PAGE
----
|Publication number||US6883918 B2|
|Application number||US 10/246,000|
|Publication date||Apr 26, 2005|
|Filing date||Sep 18, 2002|
|Priority date||Sep 20, 2001|
|Also published as||US20030053034|
|Publication number||10246000, 246000, US 6883918 B2, US 6883918B2, US-B2-6883918, US6883918 B2, US6883918B2|
|Original Assignee||Zvi Yaniv|
|Export Citation||BiBTeX, EndNote, RefMan|
|Patent Citations (6), Referenced by (5), Classifications (5), Legal Events (5)|
|External Links: USPTO, USPTO Assignment, Espacenet|
This patent application claims the benefit of priority to U.S. provisional patent application Ser. No. 60/323,435 filed Sep. 20, 2001, which is entirely incorporated herein by reference.
The invention relates in general to digital projection systems, and more particularly to lightweight, portable digital projection devices and systems in which the backlight, projector and associated screen are discrete devices that are responsive to each other.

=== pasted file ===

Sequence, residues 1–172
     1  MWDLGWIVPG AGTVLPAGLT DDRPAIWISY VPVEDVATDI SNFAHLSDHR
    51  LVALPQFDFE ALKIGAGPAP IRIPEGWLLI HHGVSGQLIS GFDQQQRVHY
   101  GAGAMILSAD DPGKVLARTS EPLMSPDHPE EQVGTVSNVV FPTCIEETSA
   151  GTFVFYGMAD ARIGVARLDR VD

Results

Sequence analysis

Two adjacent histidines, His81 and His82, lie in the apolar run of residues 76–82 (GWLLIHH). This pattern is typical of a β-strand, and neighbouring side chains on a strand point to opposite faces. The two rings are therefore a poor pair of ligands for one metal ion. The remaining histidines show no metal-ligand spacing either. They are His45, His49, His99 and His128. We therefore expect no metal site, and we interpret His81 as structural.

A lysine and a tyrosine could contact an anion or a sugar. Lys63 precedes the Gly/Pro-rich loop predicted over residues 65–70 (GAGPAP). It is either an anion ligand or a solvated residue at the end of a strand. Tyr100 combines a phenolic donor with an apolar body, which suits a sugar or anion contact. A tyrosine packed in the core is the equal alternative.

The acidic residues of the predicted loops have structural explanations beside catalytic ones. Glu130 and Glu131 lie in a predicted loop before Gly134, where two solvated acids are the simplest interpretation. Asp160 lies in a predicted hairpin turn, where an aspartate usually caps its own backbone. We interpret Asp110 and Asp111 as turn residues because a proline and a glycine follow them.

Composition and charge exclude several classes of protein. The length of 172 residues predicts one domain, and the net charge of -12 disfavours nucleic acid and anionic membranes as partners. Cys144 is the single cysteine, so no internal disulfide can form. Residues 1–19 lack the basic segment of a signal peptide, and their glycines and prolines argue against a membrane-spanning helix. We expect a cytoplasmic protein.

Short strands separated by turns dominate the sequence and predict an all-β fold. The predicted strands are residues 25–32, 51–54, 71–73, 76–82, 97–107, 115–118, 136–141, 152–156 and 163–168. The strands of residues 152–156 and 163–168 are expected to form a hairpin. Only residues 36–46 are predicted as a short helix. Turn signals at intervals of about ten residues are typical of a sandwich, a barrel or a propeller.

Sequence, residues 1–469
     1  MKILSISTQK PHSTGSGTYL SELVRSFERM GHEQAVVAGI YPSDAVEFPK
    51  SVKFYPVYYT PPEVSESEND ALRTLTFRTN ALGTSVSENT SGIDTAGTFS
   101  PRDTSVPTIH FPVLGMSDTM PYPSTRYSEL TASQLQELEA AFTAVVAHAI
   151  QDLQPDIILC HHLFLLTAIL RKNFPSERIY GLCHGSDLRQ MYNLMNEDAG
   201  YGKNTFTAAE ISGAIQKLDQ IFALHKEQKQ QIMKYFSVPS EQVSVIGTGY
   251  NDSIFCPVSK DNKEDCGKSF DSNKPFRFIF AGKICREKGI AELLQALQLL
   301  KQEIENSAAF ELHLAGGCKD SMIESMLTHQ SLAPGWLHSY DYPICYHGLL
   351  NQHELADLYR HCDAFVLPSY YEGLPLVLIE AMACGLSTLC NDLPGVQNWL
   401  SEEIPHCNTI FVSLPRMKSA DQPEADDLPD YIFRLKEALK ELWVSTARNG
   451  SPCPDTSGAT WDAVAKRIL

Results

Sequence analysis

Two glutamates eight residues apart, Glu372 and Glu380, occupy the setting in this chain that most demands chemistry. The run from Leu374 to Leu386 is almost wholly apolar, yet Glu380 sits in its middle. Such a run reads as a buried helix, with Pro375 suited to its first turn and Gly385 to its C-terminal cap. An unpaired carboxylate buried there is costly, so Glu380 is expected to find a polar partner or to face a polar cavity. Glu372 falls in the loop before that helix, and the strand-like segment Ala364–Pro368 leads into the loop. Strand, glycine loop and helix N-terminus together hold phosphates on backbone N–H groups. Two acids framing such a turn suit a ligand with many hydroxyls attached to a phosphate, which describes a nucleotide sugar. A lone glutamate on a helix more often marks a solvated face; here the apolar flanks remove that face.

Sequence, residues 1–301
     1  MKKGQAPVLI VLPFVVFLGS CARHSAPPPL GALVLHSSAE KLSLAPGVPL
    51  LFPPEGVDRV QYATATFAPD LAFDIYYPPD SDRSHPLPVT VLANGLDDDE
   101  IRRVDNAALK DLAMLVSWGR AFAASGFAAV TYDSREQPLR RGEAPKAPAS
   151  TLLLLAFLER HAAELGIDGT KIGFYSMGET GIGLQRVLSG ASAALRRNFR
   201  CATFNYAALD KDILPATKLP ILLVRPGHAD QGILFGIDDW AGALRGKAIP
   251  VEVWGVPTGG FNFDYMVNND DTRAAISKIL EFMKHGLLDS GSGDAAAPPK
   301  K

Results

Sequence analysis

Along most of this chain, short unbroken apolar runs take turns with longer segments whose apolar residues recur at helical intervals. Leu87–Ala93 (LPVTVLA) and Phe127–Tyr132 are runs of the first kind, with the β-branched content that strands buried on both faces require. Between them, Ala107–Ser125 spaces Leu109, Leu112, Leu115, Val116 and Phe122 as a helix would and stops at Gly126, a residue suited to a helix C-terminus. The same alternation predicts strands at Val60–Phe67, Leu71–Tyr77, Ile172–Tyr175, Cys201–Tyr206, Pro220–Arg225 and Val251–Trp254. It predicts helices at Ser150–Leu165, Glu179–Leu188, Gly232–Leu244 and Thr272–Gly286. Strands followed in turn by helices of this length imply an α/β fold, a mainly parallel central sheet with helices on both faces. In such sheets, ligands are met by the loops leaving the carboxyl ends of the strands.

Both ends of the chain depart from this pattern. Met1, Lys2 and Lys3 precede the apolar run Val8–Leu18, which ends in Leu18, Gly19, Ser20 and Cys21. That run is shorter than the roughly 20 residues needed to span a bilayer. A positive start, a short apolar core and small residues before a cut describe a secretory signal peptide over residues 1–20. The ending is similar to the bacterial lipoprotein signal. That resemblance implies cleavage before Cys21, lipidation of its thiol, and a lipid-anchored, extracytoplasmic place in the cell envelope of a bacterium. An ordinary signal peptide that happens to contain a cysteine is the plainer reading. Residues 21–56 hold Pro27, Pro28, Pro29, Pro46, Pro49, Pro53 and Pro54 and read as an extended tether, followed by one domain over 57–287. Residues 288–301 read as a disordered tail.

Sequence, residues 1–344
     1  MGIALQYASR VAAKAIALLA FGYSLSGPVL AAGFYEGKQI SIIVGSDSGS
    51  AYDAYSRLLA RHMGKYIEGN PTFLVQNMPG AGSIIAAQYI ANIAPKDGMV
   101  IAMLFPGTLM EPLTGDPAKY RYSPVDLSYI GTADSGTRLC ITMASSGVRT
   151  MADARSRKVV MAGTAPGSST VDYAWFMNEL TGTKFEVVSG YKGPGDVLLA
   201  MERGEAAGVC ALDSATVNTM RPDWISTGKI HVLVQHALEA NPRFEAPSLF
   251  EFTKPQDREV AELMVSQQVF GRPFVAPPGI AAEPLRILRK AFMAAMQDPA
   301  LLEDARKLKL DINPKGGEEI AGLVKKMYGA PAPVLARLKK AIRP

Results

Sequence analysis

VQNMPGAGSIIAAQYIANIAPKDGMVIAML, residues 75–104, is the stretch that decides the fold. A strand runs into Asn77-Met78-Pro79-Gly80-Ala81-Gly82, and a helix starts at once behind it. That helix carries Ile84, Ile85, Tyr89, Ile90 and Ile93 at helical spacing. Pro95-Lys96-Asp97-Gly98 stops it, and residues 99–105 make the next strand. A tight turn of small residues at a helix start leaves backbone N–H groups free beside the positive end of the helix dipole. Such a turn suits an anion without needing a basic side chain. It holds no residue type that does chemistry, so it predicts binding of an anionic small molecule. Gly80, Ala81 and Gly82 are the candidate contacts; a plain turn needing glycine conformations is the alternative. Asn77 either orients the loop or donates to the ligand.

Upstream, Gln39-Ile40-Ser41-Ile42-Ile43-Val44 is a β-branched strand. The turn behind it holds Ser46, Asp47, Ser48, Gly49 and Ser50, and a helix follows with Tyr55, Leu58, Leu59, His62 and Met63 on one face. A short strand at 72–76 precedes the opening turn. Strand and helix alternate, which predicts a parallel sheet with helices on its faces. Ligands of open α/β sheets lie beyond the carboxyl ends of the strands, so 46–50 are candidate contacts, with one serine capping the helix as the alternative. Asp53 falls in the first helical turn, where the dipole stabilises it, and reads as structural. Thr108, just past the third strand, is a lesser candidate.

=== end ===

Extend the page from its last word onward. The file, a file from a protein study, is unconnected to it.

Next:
Since the mid-1980's many companies have tried to develop and produce digital projectors based on liquid crystal display technology. InFocusŪ, Inc. is the acknowledged leader in digital projection and was a pioneer in mobile projection technology. As a result of their efforts, table-top portable projectors have become commonplace in the arsenal of tools available to professionals needing to present information to groups of people. Indeed, According to International Data Corporation, the microportable projector category is expected to more than double in 2001, with approximately 335,000 units expected to sell worldwide this year. A number of innovations and technology advancements have come together to reduce the size and weight of projectors while simultaneously increasing the brightness and resolution of these portable devices. Those factors, combined with a growing number of mobile professionals, have rapidly shifted projectors from specialty items to essential business tools.